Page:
Historian Benjamin Park will be in Utah to discuss his new book, “American Zion: A New History of Mormonism,” at the following times and locations:

• Benchmark Books, 3269 S. Main, Suite 250, South Salt Lake, on Thursday, Jan. 18, from 5:30 to 7:30 p.m. He will speak at 6.

• Writ & Vision, 274 W. Center St., Provo, on Saturday, Jan. 20, 7 p.m.

Hope for an idealized Zion was at the core of much of the impetus for change, while the American society around the movement helped give it birth and shape.

Three main tensions are thread throughout Mormonism’s history from its founding in upstate New York to a giant, flourishing, wealthy organization with headquarters in Utah: between church and state, faith and intellect, and obedience and dissent.

All three, Park says, continue to this day.

A balanced approach

(Photo by Mike Hoogterp) Historian Benjamin Park.

Having been raised as a Latter-day Saint, Park writes with what he calls “epistemic sympathy.” In other words, he does not take a stand or dismiss “miraculous accounts” of hidden gold plates, ancient scripture and angelic visitations, but makes clear “where the historic record counters otherwise sacred narratives.”

There is “no such thing as a purely objective history,” he says. “What I try to do is ground everything in context — which is the great equalizer.”

And that is one of Park’s strengths, says Utah research historian Ardis Parshall.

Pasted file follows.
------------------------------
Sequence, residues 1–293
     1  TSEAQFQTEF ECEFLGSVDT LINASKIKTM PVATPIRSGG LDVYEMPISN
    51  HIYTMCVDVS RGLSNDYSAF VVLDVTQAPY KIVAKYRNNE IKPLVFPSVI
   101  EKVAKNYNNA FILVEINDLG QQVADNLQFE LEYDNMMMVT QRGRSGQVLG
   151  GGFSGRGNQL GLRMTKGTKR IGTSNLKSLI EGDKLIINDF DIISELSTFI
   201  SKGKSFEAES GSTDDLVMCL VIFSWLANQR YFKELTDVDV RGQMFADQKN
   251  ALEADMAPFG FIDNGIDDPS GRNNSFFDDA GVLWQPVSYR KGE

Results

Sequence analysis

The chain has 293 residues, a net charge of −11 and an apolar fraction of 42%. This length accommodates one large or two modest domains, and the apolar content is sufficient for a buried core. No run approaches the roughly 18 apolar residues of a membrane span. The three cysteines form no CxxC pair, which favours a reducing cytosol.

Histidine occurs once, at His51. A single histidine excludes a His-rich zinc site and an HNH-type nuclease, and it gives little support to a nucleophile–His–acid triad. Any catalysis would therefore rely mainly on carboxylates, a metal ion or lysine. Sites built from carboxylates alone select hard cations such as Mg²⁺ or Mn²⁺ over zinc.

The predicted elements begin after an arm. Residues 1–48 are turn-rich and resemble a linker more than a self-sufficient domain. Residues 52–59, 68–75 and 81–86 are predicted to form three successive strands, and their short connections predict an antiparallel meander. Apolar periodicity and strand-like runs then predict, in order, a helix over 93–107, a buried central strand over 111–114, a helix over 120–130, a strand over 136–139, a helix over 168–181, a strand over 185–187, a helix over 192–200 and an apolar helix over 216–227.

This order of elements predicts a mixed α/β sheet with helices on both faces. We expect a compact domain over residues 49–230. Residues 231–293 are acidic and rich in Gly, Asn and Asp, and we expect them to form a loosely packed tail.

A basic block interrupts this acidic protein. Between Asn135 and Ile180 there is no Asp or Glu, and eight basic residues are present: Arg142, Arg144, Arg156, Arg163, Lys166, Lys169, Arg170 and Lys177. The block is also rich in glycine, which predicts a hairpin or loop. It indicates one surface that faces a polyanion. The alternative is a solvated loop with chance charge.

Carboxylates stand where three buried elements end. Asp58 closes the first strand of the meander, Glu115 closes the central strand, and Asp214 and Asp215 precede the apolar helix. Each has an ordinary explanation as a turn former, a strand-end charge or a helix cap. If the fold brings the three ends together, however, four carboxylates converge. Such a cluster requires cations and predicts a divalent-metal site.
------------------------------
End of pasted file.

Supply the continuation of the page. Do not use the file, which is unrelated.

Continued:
“He no doubt annoys some readers who would prefer he endorse their personal politics, but I think he does a great job speaking for both conservative and liberal in a generally evenhanded way,” Parshall says in an email. “And for readers who are not LDS, or for LDS readers who are not American, I think he does an outstanding job in explaining the background and bringing readers up to speed without being pedantic.”

(The Church of Jesus Christ of Latter-day Saints) Joseph Smith, left, and Brigham Young, the first two leaders of the Latter-day Saint faith.

Lindsay Chervinsky, presidential historian and author of “Making the Presidency: John Adams and the Precedents That Forged the Republic,” is neither a Latter-day Saint nor a religion expert.

Reading Park’s book, Chervinsky “learned so much about U.S. history and Mormon history,” she says. “Mormonism shows up in a few spots in general American history courses and texts, but broad sections of the story were new to me.”

In particular, she was surprised “by the prominent role of women and people of color in developing the community.”

She says she shouldn’t have been surprised “because in studies of evangelical Christianity or Catholicism, occasionally women show up as well, but these were not names that had made it into popular culture.”

Park did “an excellent job of highlighting the diversity of the community, whenever possible,” Chervinsky says, “while not downplaying the limitations imposed by traditional power structures.”